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|+ - ||RFE/RL NEWSLINE - 13 May 1997 (mind)
Vol. 1, No. 29, 13 May 1997
HUNGARIAN PREMIER WANTS GRAND COALITION. Gyula
Horn says an anti-extremist grand coalition should be
formed after next year's parliamentary elections, when the
country will face the decision on joining NATO and the EU,
Reuters reported. Horn told journalists that "four or five
parties will be represented in the next parliament and
inter-party squabbling should be subordinated to the
interests of the country." The agency said polls show that
Horn's Socialist Party and its coalition ally, the Free
Democrats, have lost much of their electoral backing as a
result of the government's austerity policy. They now trail
the opposition Smallholders Party and the Young
Democrats. Horn said non-extremist parties should be
"aware of one another" and take into consideration
"Hungary's image abroad."
HUNGARIAN CHRISTIAN DEMOCRATS POSTPONE
DECISION ON TWO-PARTY COALITION. Christian
Democratic People's Party (KDNP) leaders say Hungarian
Democratic Forum President Sandor Lezsak's proposal
calling for the two parties to form a joint parliamentary
faction is untimely, Hungarian dailies report today. At a
KDNP faction meeting yesterday, faction leader Tamas
Isepy said an electoral alliance of only two parties would
limit the opposition's chances in the 1998 parliamentary
elections. The final decision on the proposal will be made
at the faction's next meeting, scheduled for later this
NATO LAUNCHES EXERCISE IN MACEDONIA. Some 1,000
soldiers from nine countries began a five-day NATO-
sponsored military exercise in central Macedonia
yesterday. Operation Savior simulates a chemical disaster
caused by an earthquake. NATO-member participants are
Italy, Greece, Turkey, and the U.S.. Soldiers from Albania,
Bulgaria, Slovenia, Romania, and Macedonia are taking part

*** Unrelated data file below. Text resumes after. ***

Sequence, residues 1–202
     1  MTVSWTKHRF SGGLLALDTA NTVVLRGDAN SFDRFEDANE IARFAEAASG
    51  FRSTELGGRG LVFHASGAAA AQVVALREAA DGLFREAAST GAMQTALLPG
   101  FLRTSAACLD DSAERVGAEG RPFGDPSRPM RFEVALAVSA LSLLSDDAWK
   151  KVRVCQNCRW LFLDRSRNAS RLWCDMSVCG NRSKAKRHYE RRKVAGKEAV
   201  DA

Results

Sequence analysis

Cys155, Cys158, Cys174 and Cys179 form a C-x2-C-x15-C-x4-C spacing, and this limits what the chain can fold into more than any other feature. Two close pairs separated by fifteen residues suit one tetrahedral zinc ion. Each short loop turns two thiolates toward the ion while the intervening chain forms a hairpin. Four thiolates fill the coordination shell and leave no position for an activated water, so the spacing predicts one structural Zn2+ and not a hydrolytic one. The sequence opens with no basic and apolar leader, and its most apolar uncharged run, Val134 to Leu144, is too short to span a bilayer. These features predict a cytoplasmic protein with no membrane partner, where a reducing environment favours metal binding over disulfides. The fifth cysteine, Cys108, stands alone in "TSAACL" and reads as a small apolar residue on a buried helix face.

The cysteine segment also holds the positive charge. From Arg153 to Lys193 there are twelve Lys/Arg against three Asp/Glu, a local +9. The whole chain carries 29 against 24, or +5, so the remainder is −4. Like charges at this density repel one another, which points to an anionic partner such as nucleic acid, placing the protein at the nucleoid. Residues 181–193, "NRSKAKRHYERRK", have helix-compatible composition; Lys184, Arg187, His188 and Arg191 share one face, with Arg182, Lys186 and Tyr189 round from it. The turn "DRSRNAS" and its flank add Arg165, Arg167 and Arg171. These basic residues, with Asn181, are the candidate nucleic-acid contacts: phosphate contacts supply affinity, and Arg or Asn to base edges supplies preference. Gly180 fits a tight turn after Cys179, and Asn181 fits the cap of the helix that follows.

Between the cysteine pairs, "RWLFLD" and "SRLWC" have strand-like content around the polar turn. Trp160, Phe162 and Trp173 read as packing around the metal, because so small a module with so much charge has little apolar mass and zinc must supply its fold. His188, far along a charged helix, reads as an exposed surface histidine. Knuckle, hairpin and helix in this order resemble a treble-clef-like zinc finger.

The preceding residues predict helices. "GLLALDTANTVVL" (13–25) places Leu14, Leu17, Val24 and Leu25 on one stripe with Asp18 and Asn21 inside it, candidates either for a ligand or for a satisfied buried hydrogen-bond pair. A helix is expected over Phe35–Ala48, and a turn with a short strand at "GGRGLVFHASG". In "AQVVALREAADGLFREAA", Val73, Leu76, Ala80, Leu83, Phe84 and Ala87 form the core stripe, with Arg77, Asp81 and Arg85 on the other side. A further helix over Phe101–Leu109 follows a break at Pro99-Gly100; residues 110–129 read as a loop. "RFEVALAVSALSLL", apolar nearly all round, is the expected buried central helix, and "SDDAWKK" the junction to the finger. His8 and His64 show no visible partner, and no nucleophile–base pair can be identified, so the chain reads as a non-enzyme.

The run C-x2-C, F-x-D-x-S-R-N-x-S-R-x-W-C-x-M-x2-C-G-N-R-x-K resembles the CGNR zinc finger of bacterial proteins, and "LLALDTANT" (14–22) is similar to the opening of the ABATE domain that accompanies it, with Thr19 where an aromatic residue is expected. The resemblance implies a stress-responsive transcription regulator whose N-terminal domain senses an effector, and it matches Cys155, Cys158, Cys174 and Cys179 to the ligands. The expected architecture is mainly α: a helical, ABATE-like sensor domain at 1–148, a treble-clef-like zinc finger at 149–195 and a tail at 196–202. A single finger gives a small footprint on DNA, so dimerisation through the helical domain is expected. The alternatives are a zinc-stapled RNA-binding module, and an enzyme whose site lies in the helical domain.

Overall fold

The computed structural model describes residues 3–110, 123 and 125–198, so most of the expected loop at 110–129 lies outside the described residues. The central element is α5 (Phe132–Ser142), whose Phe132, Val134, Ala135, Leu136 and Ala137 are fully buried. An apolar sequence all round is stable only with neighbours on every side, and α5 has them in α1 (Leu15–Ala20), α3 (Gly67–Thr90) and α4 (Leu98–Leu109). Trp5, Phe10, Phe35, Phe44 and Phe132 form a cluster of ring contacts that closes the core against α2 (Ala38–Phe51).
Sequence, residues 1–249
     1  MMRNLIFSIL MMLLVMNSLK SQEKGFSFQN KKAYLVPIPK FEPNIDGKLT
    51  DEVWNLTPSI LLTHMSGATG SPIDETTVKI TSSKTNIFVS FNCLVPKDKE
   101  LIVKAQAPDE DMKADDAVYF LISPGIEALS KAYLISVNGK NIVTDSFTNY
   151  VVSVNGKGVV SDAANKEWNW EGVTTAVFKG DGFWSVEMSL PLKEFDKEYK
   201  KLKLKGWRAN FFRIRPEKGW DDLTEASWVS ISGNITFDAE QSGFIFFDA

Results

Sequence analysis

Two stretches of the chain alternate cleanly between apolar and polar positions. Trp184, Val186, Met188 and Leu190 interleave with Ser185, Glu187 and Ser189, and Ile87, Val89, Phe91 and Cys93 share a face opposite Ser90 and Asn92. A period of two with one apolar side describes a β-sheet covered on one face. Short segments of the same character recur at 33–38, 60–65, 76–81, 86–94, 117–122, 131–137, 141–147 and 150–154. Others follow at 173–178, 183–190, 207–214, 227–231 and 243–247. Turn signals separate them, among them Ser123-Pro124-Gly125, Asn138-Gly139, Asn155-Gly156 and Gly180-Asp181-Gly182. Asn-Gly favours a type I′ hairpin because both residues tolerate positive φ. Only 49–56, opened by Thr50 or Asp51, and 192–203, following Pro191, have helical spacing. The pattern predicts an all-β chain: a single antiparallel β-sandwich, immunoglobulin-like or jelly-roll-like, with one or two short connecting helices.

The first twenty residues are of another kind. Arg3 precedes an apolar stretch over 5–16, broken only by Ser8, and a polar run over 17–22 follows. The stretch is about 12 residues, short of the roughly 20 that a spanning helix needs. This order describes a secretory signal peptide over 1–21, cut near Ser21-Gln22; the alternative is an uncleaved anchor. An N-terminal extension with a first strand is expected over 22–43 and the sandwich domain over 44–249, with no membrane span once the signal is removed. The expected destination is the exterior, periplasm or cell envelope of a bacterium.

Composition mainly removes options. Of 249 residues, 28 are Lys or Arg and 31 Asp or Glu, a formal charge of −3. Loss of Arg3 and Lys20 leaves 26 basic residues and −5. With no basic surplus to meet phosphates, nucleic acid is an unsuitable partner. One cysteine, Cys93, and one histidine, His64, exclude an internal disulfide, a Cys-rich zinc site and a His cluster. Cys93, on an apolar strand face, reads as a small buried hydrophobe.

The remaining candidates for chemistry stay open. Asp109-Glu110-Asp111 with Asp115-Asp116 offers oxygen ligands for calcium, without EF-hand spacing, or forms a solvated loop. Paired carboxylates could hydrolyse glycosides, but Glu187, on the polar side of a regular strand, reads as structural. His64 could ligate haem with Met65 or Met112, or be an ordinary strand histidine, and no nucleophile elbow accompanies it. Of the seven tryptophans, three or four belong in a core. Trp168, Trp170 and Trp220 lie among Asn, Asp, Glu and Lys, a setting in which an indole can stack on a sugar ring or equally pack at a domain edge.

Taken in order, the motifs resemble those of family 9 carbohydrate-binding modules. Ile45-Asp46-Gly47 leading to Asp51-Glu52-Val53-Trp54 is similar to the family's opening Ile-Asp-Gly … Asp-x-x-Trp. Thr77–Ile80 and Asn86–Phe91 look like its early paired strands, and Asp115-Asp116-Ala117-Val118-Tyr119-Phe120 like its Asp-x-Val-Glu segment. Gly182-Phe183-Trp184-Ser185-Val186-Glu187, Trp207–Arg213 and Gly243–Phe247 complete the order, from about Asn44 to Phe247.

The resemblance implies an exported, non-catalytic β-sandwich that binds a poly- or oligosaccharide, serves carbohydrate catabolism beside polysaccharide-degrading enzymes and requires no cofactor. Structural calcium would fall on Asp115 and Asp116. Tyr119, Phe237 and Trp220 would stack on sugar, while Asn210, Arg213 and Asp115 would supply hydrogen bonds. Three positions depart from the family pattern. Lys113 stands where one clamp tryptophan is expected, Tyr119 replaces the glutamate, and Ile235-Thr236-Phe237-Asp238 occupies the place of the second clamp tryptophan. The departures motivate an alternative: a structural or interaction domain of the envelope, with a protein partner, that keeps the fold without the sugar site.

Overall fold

within NATO's Partnership for Peace program. Hungary,
Poland, and the Czech Republic, all of which are expected to
be included in NATO's first wave of eastward expansion,
have sent observers. This is the first multinational military
exercise to be held in Macedonia.
CLUJ MAYOR LAYS DOWN CONDITIONS FOR
HUNGARIAN PRESIDENT'S VISIT. Gheorghe Funar says he
will picket a visit planned later this month by Hungarian
President Arpad Goencz unless the guest agrees to
renounce what Funar says are irredentist claims to
Romanian territory, Romanian and Hungarian media report.
Funar said Goencz made those claims in a book on
Transylvania which he wrote a few years ago. Funar is also
objecting to the planned opening of the Hungarian
consulate in Cluj during Goencz's visit. Last week, Funar,
who was dismissed in March as leader of the Party of
Romanian National Unity, wrote to President Emil
Constantinescu to protest the visit.
Copyright (c) 1997 RFE/RL, Inc.
All rights reserved.
|+ - ||RFE/RL NEWSLINE - 14 May 1997 (mind)
Vol. 1, No. 30, 14 May 1997
ESTONIAN PRESIDENT IN BUDAPEST. Lennart Meri met
with his Hungarian counterpart, Arpad Goncz, in the
Hungarian capital yesterday to discuss the promotion of
business and cultural ties, Estonian and Hungarian media
reported. The two leaders underscored the need to sign
agreements on protecting investments and avoiding
double taxation. Meri and Goncz also pledged to support
each other's aspirations to join the EU and NATO.
Addressing the Hungarian parliament, Meri stressed that
aspiring members of the EU and NATO want to be
"providers, not simply consumers, of security." This is the
first visit to Hungary by an Estonian head of state since the
Baltic State regained independence in 1990.
EASTERN EUROPE'S HEALTH IN CRISIS
by Kitty McKinsey